Amid lingering concerns over alleged fraud and irregularities in the 2020 election, Georgia Secretary of State Brad Raffensperger (R) is taking action to prevent a potential repeat of similar allegations in the next major election cycle.
The top official in charge of Georgia’s elections announced Friday that his office intends to remove more than 100,000 “obsolete or outdated” voter files from the state’s registered voter rolls, the Washington Examiner reported.
The common-sense move — required every two years by state law — to remove ineligible voters from the system has nevertheless drawn fierce criticism from some who falsely characterized the effort as an illicit “purge” of legally registered and eligible voters.
The key to ensuring election “integrity”
According to a press release from Sec. Raffensperger’s office, a list of 101,789 names was published of registered Georgia voters who are believed to have moved out of state or been inactive for more than two election cycles, and are therefore now ineligible.
“Making sure Georgia’s voter rolls are up to date is key to ensuring the integrity of our elections,” Raffensperger said. “That is why I fought and beat Stacey Abrams in court in 2019 to remove nearly 300,000 obsolete voter files before the November election, and will do so again this year. Bottom line, there is no legitimate reason to keep ineligible voters on the rolls.”
The statement broke down the 101,789 “obsolete or outdated” voter files as including 67,286 files that matched change of address forms at the U.S. Postal Service, 34,277 files that had election mail returned to the sender, and 276 files in which no contact or voting activity had been made for the past five years.
Raffensperger also revealed that he’d already removed 18,486 files of voters who had died, as per information compiled by Georgia’s Office of Vital Records and the interstate partnership Electronic Registration Information Center.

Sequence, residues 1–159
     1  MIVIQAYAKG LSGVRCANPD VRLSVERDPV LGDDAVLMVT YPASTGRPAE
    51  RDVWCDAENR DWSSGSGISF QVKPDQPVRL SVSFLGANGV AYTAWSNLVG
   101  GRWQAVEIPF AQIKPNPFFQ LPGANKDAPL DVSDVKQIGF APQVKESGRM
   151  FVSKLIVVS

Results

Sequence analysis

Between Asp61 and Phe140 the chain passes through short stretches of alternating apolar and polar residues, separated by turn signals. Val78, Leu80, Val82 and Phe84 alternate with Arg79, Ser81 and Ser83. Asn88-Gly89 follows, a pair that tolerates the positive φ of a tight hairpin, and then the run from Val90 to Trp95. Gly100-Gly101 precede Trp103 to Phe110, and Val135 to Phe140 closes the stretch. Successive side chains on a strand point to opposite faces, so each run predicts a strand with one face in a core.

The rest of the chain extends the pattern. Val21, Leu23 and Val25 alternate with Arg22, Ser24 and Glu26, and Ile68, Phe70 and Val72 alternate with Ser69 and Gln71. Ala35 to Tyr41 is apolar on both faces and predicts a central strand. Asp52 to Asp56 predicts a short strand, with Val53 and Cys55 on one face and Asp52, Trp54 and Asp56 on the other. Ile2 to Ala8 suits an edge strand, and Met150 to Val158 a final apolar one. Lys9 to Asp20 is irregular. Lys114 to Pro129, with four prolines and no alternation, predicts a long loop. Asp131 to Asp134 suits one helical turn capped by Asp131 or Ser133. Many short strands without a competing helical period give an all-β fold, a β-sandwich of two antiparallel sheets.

Voters can challenge
Local media outlet WSB-TV reported that eligible voters who believe they’ve been erroneously included on that list have 40 days to take action to ensure they aren’t removed.
However, even if they are ultimately removed from the voter rolls, they can simply re-register and become eligible again in a matter of moments.
Of the published list, Raffensperger told the outlet: “These people don’t live in Georgia anymore. Then you have 18,000 people who passed. So they are not going to be voting anymore. You need to have accurate voter rolls and proper list maintenance. It also helps your county election directors.”
Activists intend to fight back
As noted, the announcement was sharply criticized and characterized as an illegal “purge” of otherwise eligible voters by some voting rights advocates, such as Gerald Griggs of the Atlanta chapter of the National Association for the Advancement of Colored People (NAACP), who had unsuccessfully fought a similar cleaning of the voter rolls in 2019 that had removed roughly 300,000 ineligible voters.
“We already have lawyers on standby, I am on standby, just in case we have to file litigation,” Griggs told WSB-TV. “So we are going to be watching this and we will respond if we believe voters have been disenfranchised.”